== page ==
China sends warplanes over Taiwan in a show of force

September 25, 2021

China sends warplanes over Taiwan

The tension between China and Taiwan is rising again, and some fear that things could escalate to the point of no return. The dire picture is being painted after China sent 24 warplanes over Taiwan this week over TPP dispute.

Harsh statements are being traded as China aims to assert its dominance in the region. Taiwan’s government called China a bully for trying to dictate their country’s priorities.

Dispute over trade agreement puts China and Taiwan on the brink of war

The problems resurfaced this month after Taiwan opted to apply to join the Comprehensive and Progressive Agreement for Trans-Pacific Partnership, also known as TPP. This was done just one week after China had applied.

China claims that self-governing Taiwan is part of its territory, so the Communist regime is against its nemesis’ decision to join the trade alliance. Beijing says Taipei is not allowed to enter any organization in this fashion.

According to Taiwan, the fighter jets flew near its borders as soon it was revealed that Taipei wanted to join the trade pact. China flies warplanes over Taiwan regularly, but the pressure reached a new level in the past few days.

Taiwan responded to the threats by deploying air patrol forces and using its air defense systems to track the Chinese warplanes.

China wants to squash Taiwan’s global aspirations

China believes that it can have a significant impact if it succeeds in joining the trade agreement. Taiwan claims that China’s standards are not well aligned with those put in place by future partners.

The Chinese government has made it clear that Taiwan is using this opportunity to push for greater independence on the world stage, and Beijing is hoping that the countries joining the agreement will not allow this plan to move forward.

China joining the Trans-Pacific Partnership would be a tour the force because, in 2016, the 12 countries (Australia, Brunei, Canada, Chile, Japan, Malaysia, Mexico, New Zealand, Peru, Singapore, Vietnam, and the United States) that were pushing the agreement were doing so to limit Chinese influence in the region.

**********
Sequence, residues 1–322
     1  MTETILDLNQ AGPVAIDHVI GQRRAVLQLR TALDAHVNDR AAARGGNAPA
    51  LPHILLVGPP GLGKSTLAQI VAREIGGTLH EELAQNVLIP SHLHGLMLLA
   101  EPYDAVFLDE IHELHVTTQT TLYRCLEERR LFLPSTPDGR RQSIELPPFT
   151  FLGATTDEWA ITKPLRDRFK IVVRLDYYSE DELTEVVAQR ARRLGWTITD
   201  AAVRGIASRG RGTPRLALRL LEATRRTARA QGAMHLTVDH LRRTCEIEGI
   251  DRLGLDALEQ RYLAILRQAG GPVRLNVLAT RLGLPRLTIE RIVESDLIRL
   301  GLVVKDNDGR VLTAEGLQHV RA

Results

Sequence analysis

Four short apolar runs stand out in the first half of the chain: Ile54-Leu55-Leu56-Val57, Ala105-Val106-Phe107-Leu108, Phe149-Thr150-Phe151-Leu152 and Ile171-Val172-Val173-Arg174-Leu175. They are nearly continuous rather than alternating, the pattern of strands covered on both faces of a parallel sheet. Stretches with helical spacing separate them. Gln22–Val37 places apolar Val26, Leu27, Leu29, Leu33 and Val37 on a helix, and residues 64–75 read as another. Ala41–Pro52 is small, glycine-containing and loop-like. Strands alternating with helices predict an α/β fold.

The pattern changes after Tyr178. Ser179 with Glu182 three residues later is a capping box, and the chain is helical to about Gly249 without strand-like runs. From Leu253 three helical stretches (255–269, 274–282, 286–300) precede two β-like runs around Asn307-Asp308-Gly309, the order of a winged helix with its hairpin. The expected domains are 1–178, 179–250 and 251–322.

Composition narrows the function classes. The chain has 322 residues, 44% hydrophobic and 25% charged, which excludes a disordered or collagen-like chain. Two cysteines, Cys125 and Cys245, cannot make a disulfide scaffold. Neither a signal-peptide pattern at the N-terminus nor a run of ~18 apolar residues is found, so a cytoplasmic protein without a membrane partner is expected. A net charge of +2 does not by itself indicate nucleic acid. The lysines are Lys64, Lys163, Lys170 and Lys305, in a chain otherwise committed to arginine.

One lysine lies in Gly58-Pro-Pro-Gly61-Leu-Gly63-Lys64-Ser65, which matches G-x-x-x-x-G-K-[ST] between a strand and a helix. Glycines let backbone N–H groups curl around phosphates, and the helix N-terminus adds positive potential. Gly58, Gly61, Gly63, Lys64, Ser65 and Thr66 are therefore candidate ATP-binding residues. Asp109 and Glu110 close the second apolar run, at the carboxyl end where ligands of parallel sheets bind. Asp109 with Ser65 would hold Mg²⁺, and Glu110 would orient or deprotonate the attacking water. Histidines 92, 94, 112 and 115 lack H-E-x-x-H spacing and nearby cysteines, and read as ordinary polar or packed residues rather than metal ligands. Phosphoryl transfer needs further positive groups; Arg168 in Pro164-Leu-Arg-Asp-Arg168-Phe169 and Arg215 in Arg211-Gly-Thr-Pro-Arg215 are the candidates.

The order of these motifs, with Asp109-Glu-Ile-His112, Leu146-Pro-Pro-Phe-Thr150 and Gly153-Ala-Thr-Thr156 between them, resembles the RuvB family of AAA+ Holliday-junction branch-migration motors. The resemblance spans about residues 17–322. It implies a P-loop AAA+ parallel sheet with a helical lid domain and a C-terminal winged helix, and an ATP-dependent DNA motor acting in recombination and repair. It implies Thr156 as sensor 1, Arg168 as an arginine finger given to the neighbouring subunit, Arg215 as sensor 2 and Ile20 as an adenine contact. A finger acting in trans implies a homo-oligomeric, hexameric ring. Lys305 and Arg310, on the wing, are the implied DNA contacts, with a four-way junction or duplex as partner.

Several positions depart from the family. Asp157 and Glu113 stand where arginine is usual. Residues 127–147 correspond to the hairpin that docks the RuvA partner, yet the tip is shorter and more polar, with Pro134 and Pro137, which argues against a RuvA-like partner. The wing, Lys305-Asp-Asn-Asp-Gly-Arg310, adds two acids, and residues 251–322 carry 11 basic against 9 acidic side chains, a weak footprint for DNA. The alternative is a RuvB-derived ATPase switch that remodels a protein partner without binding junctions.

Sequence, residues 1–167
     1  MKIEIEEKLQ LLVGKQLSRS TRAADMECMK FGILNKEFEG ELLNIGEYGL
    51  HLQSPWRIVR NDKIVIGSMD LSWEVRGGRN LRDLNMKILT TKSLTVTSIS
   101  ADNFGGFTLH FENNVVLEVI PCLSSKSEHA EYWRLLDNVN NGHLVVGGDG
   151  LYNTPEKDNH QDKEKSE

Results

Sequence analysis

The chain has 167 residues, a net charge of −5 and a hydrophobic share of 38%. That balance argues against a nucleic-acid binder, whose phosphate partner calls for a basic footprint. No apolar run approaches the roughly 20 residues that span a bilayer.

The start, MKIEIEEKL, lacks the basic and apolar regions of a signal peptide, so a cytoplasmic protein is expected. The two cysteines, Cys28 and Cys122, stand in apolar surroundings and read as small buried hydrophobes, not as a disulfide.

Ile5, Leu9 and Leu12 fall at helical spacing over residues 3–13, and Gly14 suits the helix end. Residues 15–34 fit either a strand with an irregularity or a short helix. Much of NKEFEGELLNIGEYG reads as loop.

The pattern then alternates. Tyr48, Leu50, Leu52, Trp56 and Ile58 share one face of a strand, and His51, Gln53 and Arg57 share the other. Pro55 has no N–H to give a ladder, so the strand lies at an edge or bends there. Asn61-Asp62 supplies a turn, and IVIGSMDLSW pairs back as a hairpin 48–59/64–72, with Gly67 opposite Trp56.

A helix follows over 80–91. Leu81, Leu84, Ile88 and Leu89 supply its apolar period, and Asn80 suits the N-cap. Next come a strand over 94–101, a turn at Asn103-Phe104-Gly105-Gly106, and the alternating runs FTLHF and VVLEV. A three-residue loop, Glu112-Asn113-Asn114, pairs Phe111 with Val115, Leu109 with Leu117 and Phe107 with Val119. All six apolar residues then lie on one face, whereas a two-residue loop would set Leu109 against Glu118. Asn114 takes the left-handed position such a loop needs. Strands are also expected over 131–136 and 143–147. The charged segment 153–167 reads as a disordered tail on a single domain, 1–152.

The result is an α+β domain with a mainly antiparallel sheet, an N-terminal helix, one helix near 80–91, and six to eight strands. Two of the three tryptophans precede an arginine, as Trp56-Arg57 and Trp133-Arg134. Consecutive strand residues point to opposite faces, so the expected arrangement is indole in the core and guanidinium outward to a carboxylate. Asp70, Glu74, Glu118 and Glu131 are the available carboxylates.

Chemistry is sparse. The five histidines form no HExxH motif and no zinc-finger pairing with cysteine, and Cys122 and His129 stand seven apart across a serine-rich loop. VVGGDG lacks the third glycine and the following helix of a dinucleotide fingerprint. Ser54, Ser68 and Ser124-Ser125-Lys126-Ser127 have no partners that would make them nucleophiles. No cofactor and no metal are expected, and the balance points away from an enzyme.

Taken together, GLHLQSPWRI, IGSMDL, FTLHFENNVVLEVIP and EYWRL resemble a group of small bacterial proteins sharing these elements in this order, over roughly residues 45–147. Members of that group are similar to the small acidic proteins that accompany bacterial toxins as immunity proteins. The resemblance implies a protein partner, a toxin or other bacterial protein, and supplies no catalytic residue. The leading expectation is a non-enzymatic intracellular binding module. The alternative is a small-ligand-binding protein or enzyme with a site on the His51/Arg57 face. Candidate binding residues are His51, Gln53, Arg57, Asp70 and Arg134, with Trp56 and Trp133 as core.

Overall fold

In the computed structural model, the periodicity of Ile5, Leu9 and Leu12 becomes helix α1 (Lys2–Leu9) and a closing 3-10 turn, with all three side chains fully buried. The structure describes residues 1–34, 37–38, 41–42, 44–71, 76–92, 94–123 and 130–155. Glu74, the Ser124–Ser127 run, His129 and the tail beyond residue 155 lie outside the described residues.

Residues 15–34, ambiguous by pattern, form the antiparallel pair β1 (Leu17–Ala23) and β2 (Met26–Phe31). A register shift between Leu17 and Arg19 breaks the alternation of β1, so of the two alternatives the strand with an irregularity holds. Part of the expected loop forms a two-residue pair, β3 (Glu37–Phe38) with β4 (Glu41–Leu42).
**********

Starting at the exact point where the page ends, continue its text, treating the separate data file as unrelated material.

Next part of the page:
Trump’s 2016 win led to a U.S. retreat from TPP

However, after the election of Donald Trump, the U.S. withdrew its signature. The Republican politician had used the negative impacts of some trade deals against his rival, Hillary Clinton, to great success in the campaign.

As president, Mr. Trump adopted a populist tone, and trade was seen as bad for America. Trump’s victory in 2016 produced a form of realignment when it comes to trade policies in the U.S., and many politicians on both sides of the political spectrum became wary about embracing globalization.

Many experts say it would be a good thing if the Biden administration decides to rejoin the agreement. However, China’s recent foray into the partnership is a source of concern.

Moreover, Joe Biden, who backed the agreement when he was Barack Obama’s vice president, is keenly aware that such a move could come at a substantial political cost if he decides to run for reelection in 2024.

While Trump was a source of problems for China during his four years in the White House, he was also a great opportunity. His presidency helped China expand its reach, and it will be hard for the U.S. to make up for the lost time

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